Licensing System for your .Net Applications Pt. 2.1

In this the second (actually third) part of my testing out of Licensing Systems for the .Net Framework. Today I’m going to review/test one of the licensing systems from the first post. The lucky system is SeriousBit Ellipter. I’ve decided to review one at a time because the posts were tending to get very long in some cases, so I’ve broken them out. If the post isn’t too large I’ll see about combining multiple reviews.

Ok, so now that we have the first  licensing systems to test I’m going to cover what I’m looking for again, which is an out of the box licensing system capable of tracking licenses via a web service. I also am interested in the look and feel of the system, documentation, web site support and possibly the forum on the site.

SeriousBit Ellipter
     Cost Range: $99.95 – $249.95
     Source Code Available: Yes 
     Model: Per Developer
     Last Update (As of this post): 1/27/2009
     Last Version (As of this post): 1.4.1
     VS Support: 2005/2008 (MONO)

After installing the product on my test VM I opened up the UI. My first impression is that it might be –too- simple, but I’ll take a spin around and see what I find. The key generation is fast I and I like the idea of a of a unique serial id. The key pattern is something I also like, it’s default is XXXXXX-XXXXXX-XXXXXX-XXXXXX-XXXXX (4 blocks of 6 and 1 block of 5). The standard Microsoft key of 5 blocks of 5 is my sweet spot and this one only adds 4 more (MS: 25, Ellipter: 29).

What I did notice when I opened up the UI was that there was not register screen, nag screen or trial box, it just opened. It wasn’t until I tried to validate a generated serial did I get a message box.


Perplexed I decided to check out the Help menu and found only three options. No documentation or help like stuff in the Help menu.


What about the FAQ, maybe it’s got some documentation, well a little bit.


I decided to see what the “Enter Developer Key..” option contained so I opened up the page and noticed a couple of problems. 1.) “Or” seems to be misspelled and 2.) The label used for that text is covering up part of the key text box.


I hate being a nitpick and I’m sure every piece of software I have ever developed has UI issues worse then that, but this being a registration/license software I would assume that extra attention be paid to issues like this on the registration screen.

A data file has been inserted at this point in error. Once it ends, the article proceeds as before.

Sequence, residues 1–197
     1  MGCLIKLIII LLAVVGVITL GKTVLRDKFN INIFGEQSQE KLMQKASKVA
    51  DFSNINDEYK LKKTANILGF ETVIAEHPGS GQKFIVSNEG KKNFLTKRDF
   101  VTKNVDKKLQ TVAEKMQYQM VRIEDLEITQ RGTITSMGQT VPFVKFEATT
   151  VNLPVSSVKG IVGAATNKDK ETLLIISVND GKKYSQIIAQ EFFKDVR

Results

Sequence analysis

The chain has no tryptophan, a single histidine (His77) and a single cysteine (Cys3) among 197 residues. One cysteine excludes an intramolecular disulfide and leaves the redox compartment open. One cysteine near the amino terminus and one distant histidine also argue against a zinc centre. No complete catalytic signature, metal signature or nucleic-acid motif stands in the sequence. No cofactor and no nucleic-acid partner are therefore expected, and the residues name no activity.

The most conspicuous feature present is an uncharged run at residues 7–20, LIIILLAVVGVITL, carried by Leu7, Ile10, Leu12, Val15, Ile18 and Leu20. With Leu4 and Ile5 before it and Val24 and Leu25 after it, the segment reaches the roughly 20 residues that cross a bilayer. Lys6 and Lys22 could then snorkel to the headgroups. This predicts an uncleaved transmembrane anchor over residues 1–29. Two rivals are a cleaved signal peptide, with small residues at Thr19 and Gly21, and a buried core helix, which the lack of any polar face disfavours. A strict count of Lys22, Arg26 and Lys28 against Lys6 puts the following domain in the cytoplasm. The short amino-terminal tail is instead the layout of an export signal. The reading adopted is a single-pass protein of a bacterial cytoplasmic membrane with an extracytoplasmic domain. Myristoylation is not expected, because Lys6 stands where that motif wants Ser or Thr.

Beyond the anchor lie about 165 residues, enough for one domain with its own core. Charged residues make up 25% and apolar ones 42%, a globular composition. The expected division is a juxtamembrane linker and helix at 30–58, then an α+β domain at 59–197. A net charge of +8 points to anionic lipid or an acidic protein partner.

Now back to the serials that the system used, although just a bit long for me they do allow me to put in information like “Product Info” and an “Expire Date”. These are fairly nice features to have in a serial number, so I decided to test them out.

Here is a standard set of serials generated from Ellipter:


Now I’ve added my product information “My Prod 1.0”, which will be smaller then most real product names.


The size of the serial number almost doubled. This is something that a user should never have to type in by hand. As an ex System Administrator I can tell you that your customers will not always have copy and paste, and anything more then a Microsoft serial should throw up a flag for basic software. I would even venture to say that for most software the serial number should be half the size of a MS CD key.

Well now I want to limit my serial by a date, so I put in 12/30/2010.


Only three more characters then the last one, which isn’t too bad.

My overall review is that this is a extremely basic license key generator. There aren’t any of the features I really want in a licensing system and the key generated is a little be long for my tastes. It does provide functionality like registration, time and usage limits for trails and some other features but you have to code them yourself and use it’s API, to me that’s too much friction to do for each application I develop using the software. But it’s very functional system and had a price point that may make it attractive for people and companies on a budget.

About: Shawn Jackson

I’ve spent the last 18 years in the world of Information Technology on both the IT and Development sides of the aisle. I’m currently a Software Engineer for Paylocity. In addition to working at Paylocity, I’m also the Founder of Resgrid, a cloud services company dedicated to providing logistics and management solutions to first responder organizations, volunteer and career fire departments, EMS, ambulance services, search and rescue, public safety, HAZMAT and others.